The Reserve Bank of India’s (RBI’s) monetary policy statement had all the elements that should have led to a tightening of its stance. It flagged six upside risks to already rising retail inflation and all the good things that will happen to growth.

It also showed that the most dovish member of the monetary policy committee, Ravindra Dholakia, has abandoned his call for a cut in policy rates.

But then the statement fizzled out like a badly written script.

RBI acknowledged the fiscal slippage, the rising input costs, firming of oil prices, hardening inflationary expectations, the impact of house rent allowances and finally the guaranteed minimum support farm prices by the government in the Union budget.

The central bank said that retail inflation, already at a 17-month high of 5.21% in December, won’t abate much anytime soon. It has forecast that retail inflation would be 5.1-5.2% in the first half of fiscal year 2018-19 (FY19).

It also sounded tough on the government for having given up fiscal frugality. Governor Urjit Patel said that significant deviations in fiscal prudence would make RBI’s job more challenging. All this was feared by the markets and bond yields had already hardened significantly.

But the central bank then went on to temper its own words, firstly by keeping its stance neutral and then pointing to the persistent slack in output and subdued rural wages growth. It went on to say that oil prices could move either way and not only upwards.

These mitigating factors sit uncomfortably in the statement, especially when RBI goes on to forecast a pickup in gross value added (GVA) growth to 7.1-7.2% in FY19.

Surprisingly, the central bank has forecast slowing inflation but a quickening GVA growth for the next fiscal year. RBI expects retail inflation to slow to 4.5-4.6% in the second half even as the GVA growth picks up to 7.1% from 6.6% this year.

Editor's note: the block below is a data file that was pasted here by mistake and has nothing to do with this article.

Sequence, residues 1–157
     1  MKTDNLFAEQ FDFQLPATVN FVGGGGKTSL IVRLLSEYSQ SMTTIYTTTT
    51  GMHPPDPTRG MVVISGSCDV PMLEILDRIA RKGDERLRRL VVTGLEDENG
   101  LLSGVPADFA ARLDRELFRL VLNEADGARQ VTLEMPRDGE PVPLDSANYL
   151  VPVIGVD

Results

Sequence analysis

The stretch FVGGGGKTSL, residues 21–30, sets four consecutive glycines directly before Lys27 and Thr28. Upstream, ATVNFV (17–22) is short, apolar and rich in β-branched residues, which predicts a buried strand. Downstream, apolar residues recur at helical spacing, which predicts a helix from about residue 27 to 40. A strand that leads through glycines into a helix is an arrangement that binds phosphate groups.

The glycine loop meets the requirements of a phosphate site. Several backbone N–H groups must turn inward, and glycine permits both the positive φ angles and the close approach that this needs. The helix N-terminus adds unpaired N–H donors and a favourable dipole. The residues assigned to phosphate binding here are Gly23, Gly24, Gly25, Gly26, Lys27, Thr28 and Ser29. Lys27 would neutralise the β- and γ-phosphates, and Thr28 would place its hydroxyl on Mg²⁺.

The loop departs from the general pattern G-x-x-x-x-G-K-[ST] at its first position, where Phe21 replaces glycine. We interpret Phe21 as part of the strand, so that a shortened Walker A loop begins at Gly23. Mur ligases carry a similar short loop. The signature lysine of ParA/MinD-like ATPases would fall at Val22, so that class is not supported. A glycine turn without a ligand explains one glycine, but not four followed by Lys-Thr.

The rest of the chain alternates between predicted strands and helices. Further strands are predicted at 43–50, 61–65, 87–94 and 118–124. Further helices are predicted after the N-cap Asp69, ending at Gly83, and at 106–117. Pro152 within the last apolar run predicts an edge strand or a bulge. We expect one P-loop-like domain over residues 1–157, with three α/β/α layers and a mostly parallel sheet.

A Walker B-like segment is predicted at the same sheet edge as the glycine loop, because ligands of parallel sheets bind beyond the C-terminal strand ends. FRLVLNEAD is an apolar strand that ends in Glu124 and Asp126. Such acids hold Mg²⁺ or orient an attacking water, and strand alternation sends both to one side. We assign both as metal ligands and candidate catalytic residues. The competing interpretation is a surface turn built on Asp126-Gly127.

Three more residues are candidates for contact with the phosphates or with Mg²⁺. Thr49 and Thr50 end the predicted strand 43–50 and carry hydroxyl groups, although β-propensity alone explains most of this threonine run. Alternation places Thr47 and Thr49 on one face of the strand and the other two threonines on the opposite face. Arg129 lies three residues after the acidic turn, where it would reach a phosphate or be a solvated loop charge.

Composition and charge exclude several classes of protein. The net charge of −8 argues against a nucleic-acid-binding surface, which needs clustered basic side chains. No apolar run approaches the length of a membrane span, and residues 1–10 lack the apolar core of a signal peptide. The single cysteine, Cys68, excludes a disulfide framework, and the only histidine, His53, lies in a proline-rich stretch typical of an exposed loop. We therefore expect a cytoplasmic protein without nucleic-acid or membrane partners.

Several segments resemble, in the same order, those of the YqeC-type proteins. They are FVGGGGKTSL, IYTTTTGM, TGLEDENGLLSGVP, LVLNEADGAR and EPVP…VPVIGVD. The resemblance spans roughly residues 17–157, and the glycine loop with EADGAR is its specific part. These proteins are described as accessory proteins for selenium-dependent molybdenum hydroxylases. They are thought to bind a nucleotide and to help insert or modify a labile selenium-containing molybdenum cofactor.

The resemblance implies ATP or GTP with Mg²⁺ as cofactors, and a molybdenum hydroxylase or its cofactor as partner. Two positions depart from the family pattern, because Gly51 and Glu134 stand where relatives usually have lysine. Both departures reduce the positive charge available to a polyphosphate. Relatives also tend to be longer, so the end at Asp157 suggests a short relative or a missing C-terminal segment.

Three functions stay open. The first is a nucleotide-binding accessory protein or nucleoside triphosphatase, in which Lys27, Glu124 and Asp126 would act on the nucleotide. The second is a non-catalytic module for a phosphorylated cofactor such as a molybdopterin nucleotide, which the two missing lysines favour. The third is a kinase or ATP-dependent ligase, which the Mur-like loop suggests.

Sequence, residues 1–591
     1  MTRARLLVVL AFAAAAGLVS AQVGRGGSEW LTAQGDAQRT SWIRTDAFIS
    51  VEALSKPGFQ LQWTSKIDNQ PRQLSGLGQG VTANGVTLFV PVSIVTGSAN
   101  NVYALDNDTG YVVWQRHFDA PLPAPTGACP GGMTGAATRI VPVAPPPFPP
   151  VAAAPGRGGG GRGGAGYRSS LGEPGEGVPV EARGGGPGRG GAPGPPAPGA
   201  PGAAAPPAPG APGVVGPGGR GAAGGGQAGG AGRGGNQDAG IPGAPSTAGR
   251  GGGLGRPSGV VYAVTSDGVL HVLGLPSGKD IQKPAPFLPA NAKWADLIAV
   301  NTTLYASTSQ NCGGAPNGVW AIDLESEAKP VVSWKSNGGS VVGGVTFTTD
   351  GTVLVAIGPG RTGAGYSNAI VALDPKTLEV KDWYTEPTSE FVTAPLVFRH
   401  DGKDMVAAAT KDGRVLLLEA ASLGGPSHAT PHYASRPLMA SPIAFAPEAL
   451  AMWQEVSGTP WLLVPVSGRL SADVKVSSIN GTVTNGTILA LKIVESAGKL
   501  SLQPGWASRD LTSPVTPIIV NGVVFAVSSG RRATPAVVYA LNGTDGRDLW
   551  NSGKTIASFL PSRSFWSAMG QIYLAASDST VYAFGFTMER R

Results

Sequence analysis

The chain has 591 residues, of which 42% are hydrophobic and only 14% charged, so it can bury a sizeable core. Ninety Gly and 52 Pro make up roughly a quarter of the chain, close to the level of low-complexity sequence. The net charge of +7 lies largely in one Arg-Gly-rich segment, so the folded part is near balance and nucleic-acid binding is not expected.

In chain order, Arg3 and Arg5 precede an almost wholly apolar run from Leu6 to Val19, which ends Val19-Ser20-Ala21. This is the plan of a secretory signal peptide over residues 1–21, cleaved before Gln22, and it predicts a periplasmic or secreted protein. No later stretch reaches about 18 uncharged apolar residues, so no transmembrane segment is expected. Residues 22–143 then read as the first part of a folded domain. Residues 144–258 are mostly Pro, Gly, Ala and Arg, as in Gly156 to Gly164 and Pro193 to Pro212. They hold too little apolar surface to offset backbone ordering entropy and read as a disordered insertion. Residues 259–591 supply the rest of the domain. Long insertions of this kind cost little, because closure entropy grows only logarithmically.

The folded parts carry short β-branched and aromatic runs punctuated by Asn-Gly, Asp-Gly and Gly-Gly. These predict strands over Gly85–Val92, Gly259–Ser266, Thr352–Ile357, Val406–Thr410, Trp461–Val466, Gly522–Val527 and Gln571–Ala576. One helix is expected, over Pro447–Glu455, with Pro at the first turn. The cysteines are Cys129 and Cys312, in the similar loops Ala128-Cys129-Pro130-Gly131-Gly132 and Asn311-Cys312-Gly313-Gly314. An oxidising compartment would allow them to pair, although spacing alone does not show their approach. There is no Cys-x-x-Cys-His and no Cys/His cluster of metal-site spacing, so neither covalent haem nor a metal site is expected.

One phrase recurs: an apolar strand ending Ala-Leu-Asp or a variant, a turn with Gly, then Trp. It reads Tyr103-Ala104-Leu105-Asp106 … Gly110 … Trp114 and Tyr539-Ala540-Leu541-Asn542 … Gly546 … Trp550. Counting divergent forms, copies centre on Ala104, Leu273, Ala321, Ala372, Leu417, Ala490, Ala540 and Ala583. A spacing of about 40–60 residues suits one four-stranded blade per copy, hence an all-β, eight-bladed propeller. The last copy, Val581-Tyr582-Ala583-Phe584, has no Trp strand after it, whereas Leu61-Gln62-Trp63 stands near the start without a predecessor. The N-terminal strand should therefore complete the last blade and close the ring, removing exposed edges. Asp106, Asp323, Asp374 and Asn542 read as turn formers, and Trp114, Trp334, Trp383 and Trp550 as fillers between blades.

The probability of this happening is low especially in the wake of minimum support price hikes and sticky but rising core inflation. Of course, the central bank does say that the lower headline inflation would be a product of a favourable base effect.

What this means is that these forecasts in all likelihood will be revised in future.

The policy statement shows that RBI is convinced about the hardening of inflation but is uncertain on the magnitude. Therefore, its arguments on mitigating factors don’t seem to have the strength of conviction behind them.

But, in the current market environment, who can blame it? The inconsistencies in the monetary policy statement suggest that while RBI is fully aware of the risks in its neutral stance, it is also rattled by the meltdown in equity and bond markets domestically and in global markets.

Fear begets fear and so the central bank has chosen not to rock the boat further by laying out its concerns categorically. Since part of its job is to manage expectations and sentiment, one cannot fault RBI for being mellow.

For now, it buys the market time to stabilize and will be greeted with a sigh of relief.

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